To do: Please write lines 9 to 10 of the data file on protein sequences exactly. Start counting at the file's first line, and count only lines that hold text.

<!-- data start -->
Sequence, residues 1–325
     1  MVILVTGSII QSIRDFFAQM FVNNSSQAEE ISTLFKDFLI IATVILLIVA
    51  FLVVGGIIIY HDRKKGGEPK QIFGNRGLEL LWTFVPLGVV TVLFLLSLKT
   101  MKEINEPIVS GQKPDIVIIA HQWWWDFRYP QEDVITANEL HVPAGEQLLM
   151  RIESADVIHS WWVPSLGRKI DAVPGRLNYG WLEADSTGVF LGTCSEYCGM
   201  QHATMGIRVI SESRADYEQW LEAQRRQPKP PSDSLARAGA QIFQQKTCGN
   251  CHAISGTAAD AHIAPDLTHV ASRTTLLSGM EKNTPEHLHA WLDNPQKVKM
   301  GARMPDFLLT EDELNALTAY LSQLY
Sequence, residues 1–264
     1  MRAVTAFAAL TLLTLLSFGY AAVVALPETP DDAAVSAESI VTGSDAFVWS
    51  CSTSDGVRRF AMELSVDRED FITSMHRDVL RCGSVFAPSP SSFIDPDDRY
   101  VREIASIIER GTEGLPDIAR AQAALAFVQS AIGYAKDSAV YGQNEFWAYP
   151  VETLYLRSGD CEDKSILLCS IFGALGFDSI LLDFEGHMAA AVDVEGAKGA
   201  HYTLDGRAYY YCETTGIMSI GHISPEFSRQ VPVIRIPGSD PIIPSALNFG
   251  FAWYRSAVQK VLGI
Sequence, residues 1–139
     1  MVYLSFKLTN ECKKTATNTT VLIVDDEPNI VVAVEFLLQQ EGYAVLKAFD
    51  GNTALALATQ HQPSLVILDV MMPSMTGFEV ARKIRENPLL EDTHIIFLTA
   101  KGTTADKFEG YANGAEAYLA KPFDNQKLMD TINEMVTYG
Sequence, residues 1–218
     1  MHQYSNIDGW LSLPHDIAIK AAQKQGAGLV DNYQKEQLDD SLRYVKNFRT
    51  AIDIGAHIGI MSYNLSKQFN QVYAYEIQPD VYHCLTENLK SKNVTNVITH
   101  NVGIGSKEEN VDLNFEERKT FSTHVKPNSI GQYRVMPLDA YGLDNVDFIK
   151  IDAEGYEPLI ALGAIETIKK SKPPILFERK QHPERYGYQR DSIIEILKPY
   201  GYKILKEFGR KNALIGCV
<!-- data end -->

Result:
Sequence, residues 1–264
     1  MRAVTAFAAL TLLTLLSFGY AAVVALPETP DDAAVSAESI VTGSDAFVWS